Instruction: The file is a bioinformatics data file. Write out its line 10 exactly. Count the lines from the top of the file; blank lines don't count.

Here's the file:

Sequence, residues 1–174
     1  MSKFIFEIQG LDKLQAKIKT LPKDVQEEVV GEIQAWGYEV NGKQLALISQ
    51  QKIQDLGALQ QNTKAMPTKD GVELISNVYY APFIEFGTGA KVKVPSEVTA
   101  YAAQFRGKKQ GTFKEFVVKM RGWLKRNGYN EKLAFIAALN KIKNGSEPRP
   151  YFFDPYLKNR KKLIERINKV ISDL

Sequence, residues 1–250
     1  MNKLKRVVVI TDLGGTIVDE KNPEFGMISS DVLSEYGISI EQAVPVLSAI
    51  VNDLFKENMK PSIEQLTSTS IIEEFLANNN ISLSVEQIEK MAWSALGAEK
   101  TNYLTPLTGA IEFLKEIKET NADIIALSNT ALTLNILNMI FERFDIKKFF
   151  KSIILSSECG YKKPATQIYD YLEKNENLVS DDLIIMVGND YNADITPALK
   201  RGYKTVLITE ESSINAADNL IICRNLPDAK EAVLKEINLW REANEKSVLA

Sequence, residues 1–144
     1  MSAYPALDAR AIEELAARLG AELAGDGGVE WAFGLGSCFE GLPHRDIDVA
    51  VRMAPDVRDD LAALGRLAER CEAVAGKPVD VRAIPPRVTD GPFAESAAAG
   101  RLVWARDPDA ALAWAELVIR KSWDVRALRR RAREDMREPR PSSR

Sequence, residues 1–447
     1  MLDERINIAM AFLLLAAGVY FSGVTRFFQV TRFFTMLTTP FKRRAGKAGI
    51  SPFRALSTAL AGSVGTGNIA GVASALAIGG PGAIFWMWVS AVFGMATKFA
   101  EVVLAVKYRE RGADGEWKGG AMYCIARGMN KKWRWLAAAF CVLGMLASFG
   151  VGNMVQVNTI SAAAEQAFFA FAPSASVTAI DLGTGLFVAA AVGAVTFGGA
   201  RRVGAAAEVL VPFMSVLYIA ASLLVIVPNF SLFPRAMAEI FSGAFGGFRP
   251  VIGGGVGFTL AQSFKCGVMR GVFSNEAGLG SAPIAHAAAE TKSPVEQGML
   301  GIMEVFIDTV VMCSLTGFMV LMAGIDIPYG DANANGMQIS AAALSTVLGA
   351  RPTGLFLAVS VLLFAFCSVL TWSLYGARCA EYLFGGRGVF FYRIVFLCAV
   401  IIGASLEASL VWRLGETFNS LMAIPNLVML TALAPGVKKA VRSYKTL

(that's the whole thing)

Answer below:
   151  KSIILSSECG YKKPATQIYD YLEKNENLVS DDLIIMVGND YNADITPALK